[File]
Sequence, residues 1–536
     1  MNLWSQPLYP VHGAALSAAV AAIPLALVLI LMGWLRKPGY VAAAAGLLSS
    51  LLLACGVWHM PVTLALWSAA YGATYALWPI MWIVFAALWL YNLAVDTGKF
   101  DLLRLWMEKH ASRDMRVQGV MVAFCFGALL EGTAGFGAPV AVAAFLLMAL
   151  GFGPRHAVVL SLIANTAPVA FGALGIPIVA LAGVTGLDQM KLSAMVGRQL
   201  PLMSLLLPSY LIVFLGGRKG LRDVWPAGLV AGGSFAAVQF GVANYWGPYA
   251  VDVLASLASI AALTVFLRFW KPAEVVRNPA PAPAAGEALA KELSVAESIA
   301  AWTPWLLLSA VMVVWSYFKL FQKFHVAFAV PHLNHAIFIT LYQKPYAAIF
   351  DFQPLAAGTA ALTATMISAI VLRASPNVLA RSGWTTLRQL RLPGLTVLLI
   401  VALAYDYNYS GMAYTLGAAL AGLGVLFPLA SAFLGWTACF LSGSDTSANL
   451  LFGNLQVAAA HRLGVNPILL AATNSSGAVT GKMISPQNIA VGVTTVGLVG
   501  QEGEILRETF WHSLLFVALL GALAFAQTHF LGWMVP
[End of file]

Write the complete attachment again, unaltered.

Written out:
Sequence, residues 1–536
     1  MNLWSQPLYP VHGAALSAAV AAIPLALVLI LMGWLRKPGY VAAAAGLLSS
    51  LLLACGVWHM PVTLALWSAA YGATYALWPI MWIVFAALWL YNLAVDTGKF
   101  DLLRLWMEKH ASRDMRVQGV MVAFCFGALL EGTAGFGAPV AVAAFLLMAL
   151  GFGPRHAVVL SLIANTAPVA FGALGIPIVA LAGVTGLDQM KLSAMVGRQL
   201  PLMSLLLPSY LIVFLGGRKG LRDVWPAGLV AGGSFAAVQF GVANYWGPYA
   251  VDVLASLASI AALTVFLRFW KPAEVVRNPA PAPAAGEALA KELSVAESIA
   301  AWTPWLLLSA VMVVWSYFKL FQKFHVAFAV PHLNHAIFIT LYQKPYAAIF
   351  DFQPLAAGTA ALTATMISAI VLRASPNVLA RSGWTTLRQL RLPGLTVLLI
   401  VALAYDYNYS GMAYTLGAAL AGLGVLFPLA SAFLGWTACF LSGSDTSANL
   451  LFGNLQVAAA HRLGVNPILL AATNSSGAVT GKMISPQNIA VGVTTVGLVG
   501  QEGEILRETF WHSLLFVALL GALAFAQTHF LGWMVP